"There are plenty of people who want to burn bridges. There aren't nearly enough who want to build them," trans advocate Brynn Tannehill declared in her TransPride Pittsburgh keynote address this Saturday.
Her stirring 18-minute speech, entitled "I Am Real," spoke to how the well-being and future of the transgender community will be based on making positive, lasting impressions and ignoring temptations to lash out at detractors.
Tannehill, a Navy veteran, writer, mother, and Director of Advocacy at LGBT military organization SPART*A, spoke from her personal experiences coming out in her workplace. She explained how remaining visible and taking the lead on discussing her transgender identity with coworkers was difficult, but necessary to begin a dialogue that could lead to genuine understanding.
Pointing out that there are a vocal minority who are dead-set on disrespecting transgender people, she asked her audience to remember the silent majority of cisgender (non-trans) people who have undecided or open minds, but may only ever meet one out trans person in their lives. Though it may not be fair, many such people base their impressions of the entire transgender community on a single interaction -- and Tannehill urges fellow trans people to make sure it's not an angry one, despite the many things trans people can feel rightfully hurt about.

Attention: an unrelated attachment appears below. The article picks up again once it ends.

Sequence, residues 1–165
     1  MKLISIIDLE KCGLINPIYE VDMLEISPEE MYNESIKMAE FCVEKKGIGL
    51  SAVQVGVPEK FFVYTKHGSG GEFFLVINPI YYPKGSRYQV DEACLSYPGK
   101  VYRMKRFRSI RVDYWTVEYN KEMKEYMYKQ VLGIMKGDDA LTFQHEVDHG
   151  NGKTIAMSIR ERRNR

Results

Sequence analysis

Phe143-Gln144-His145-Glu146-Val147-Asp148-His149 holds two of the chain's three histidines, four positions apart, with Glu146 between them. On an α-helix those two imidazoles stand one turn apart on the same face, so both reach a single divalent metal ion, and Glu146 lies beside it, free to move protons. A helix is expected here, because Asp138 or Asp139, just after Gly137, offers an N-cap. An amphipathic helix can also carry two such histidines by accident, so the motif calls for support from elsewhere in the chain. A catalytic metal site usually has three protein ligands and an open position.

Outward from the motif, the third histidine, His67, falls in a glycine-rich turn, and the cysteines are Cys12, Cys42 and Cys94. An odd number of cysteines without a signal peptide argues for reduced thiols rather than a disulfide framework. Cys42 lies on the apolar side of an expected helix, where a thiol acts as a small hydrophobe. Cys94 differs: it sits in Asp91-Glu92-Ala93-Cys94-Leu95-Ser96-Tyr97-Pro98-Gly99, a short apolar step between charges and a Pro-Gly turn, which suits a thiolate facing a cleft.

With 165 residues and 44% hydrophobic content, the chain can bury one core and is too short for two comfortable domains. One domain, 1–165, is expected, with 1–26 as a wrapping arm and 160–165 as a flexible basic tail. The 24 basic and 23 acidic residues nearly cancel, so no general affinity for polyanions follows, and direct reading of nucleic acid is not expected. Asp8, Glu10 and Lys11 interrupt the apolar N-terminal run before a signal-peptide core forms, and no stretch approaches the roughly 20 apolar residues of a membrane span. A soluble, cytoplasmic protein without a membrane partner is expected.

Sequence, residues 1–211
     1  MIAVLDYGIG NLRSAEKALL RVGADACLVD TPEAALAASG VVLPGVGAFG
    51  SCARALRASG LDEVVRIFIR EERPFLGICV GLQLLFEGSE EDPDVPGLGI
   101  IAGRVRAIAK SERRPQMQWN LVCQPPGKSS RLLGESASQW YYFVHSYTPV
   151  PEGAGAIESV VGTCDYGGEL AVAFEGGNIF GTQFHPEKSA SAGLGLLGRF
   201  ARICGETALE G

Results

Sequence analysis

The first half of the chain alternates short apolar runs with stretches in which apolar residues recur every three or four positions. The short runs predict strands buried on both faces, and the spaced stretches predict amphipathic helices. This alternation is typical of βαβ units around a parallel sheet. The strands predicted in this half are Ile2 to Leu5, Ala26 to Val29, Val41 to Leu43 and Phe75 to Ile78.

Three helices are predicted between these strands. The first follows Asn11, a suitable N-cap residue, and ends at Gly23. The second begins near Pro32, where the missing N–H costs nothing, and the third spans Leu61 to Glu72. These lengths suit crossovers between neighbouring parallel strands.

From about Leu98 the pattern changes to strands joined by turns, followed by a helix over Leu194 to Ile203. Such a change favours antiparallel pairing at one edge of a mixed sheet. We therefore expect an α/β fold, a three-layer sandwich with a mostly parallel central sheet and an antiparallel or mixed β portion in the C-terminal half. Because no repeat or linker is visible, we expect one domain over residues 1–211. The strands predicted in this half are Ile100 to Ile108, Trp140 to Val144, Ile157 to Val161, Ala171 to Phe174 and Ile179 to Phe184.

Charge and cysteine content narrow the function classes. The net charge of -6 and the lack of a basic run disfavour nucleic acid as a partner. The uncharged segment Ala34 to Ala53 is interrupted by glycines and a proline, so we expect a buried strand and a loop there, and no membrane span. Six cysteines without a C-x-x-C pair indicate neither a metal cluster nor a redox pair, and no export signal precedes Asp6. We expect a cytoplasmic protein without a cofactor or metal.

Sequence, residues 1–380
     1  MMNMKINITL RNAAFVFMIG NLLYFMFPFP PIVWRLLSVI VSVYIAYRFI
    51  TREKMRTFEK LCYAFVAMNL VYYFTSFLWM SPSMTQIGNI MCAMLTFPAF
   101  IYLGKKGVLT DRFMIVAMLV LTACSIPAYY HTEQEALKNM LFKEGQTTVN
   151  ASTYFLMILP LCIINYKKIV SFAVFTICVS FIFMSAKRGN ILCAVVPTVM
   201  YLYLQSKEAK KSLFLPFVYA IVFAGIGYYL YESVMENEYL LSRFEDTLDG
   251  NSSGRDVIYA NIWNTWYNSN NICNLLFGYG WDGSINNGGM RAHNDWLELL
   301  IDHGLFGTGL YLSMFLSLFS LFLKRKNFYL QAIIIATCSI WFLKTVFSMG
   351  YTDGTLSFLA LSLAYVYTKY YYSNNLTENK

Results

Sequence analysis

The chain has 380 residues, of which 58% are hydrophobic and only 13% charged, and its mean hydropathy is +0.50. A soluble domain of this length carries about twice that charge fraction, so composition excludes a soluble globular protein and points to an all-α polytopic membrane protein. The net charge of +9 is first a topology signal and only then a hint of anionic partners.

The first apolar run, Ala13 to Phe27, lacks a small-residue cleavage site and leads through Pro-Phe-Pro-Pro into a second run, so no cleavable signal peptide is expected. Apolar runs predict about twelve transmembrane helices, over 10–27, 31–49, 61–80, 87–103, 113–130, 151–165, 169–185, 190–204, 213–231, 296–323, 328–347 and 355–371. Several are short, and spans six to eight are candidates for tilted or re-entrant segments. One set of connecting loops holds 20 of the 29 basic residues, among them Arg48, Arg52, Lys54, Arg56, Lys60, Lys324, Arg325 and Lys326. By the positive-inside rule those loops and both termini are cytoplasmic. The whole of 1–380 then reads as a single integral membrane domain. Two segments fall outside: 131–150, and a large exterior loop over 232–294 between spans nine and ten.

"As long as we stay calm," Tanehill told her audience, "we retain our dignity." Her rousing speech went on to address the benefits of true acceptance rather than mere tolerance, the importance of continuing to tell one's story and remain visible, and the need for trans people to define themselves.
Since she delivered her speech Saturday, Tannehill says she's been flooded with messages of support from those who resonated with her message. "This was a culmination of years of self exploration and discovery," she tells The Advocate. "Of observing and interacting to reach an 'ah-ha' point of synthesis of ideas."
For more of Tannehill's wisdom, watch her keynote on Transperience TV below.